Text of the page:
By chance, I meet a woman who was a teacher in a nursery school my daughter attended. She’s partnered now and has a child of her own. We exchange a few words, back and forth about little things, facts and details, while waiting for coffee. As with all of us, she’s older now although fixed in my memory as that very young woman who adored my daughter and said she would gladly keep her. In this few minutes, I have no sense of which way her life has unfolded. It’s none of my business really but here I am, wondering, nosy as all get-out as my daughters claim. Her child isn’t with her, and I wonder about the child, too. Back in those days, I believed in simple formulas for happiness (2 parents plus 1 home equals happiness). As with so much else in my life, I’ve rethought all that.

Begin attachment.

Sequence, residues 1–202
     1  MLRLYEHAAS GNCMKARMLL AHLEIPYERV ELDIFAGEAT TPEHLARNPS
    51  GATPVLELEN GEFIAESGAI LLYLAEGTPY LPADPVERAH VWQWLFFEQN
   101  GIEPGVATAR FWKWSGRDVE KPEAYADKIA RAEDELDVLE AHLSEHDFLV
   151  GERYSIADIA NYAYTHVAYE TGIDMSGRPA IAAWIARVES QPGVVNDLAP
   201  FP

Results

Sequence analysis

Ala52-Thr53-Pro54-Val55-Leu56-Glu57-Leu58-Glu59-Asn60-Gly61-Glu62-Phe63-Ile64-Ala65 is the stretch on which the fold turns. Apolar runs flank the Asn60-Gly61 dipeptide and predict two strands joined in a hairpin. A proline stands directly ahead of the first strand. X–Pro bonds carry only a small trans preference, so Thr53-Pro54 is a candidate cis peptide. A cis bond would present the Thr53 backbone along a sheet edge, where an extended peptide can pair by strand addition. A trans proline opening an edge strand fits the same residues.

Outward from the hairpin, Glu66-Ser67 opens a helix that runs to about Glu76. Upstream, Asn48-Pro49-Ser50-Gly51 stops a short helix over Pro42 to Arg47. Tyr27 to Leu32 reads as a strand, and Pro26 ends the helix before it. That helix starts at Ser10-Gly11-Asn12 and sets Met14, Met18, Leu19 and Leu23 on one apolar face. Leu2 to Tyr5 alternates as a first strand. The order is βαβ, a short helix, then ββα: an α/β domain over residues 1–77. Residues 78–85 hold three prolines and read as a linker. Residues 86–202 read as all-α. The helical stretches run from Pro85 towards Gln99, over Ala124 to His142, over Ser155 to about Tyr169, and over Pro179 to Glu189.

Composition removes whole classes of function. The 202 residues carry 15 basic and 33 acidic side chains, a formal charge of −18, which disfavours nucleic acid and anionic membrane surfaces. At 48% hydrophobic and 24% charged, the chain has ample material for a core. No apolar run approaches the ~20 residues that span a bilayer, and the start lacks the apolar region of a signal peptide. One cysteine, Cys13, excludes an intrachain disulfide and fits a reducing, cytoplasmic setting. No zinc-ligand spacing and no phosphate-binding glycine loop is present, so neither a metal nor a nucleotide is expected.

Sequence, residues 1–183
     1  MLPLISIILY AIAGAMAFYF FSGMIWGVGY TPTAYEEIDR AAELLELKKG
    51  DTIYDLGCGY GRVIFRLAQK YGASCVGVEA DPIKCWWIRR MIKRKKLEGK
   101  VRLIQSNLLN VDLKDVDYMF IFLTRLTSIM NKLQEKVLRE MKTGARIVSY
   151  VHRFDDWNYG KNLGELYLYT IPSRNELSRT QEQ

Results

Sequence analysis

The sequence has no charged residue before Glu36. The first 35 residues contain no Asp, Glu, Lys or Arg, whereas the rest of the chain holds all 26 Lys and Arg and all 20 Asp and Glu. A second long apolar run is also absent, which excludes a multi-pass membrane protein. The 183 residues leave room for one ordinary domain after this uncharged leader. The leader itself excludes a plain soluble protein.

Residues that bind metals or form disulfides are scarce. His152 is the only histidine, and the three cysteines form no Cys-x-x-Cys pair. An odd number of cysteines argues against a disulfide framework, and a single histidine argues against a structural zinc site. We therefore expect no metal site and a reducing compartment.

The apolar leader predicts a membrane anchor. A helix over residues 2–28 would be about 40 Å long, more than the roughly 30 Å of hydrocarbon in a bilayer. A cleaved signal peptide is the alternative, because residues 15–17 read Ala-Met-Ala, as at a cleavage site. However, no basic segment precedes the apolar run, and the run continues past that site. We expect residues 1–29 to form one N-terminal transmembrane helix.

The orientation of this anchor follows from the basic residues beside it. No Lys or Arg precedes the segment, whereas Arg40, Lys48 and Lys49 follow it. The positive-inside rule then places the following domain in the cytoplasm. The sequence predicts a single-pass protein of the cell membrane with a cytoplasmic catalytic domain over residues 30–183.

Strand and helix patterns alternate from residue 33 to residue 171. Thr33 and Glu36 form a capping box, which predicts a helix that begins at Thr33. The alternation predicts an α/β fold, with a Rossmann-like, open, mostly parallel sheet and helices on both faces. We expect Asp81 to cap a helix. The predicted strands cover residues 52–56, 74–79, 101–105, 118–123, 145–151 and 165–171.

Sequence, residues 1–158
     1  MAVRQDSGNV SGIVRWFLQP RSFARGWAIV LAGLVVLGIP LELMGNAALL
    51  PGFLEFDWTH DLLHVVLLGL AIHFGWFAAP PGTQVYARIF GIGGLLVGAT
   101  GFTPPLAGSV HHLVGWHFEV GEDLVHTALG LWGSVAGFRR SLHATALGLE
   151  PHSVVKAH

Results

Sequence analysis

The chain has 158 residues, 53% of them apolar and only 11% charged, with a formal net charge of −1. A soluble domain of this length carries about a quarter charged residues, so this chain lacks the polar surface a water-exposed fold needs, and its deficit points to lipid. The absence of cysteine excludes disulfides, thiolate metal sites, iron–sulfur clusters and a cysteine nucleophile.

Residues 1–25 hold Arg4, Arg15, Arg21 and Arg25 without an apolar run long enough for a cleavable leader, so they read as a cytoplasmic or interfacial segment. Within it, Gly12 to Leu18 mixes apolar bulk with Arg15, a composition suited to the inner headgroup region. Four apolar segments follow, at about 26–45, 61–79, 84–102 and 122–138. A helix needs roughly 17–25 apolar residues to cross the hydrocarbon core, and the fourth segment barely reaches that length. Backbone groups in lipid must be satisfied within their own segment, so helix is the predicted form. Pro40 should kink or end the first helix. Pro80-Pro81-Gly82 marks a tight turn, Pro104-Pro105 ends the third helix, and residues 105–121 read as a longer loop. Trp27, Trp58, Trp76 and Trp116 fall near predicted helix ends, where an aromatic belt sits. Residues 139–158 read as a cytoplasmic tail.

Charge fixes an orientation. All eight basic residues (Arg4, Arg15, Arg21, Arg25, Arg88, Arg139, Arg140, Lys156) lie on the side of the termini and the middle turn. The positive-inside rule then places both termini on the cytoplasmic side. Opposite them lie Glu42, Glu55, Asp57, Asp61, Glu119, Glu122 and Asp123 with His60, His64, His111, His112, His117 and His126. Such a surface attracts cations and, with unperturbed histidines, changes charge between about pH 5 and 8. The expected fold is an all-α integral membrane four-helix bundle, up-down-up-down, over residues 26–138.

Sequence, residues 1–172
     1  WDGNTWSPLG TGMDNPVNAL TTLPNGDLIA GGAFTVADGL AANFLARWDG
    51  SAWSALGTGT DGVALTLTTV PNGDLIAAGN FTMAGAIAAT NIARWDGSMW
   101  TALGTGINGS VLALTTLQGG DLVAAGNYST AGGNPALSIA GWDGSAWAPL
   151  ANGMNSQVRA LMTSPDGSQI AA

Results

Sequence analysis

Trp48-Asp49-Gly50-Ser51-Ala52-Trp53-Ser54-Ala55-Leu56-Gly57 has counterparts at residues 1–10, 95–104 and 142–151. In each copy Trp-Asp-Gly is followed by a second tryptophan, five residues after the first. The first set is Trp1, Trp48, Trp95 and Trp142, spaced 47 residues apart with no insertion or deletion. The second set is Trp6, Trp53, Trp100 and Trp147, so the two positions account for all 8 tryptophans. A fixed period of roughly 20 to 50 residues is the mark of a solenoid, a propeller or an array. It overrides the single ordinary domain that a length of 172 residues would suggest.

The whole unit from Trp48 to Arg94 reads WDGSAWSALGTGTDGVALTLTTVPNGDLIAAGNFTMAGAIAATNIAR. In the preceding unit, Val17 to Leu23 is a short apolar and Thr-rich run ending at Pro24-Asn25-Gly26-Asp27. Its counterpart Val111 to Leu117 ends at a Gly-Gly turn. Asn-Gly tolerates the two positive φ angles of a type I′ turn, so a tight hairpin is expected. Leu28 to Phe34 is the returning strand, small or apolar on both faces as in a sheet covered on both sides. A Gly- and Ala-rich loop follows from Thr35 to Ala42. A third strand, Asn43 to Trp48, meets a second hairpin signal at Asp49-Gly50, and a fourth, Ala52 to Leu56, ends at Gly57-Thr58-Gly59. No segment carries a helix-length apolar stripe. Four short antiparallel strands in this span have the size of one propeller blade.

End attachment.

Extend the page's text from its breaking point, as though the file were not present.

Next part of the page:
…. Balmy November. In the evening, I walk in the dark, cutting down through the wild patch behind our house and around the school ballfield. The three-quarters moon rises, more luminescent than any earthly thing. The neighbors are fighting. A door slams, and then the late autumn silence wraps around. November moves on, doing what it will.
…. Last, I discovered Anderson Cooper’s podcast “All There Is” through The New Yorker. For Stephen Colbert fans, I particularly recommend the interview about how grief shaped this man’s life.
“Grief is its own thing. It’s not like it’s in me and I’m going to deal with it. It’s a thing, and you have to be okay with its presence. If you try to ignore it, it will be like a wolf at your door.”— Stephen Colbert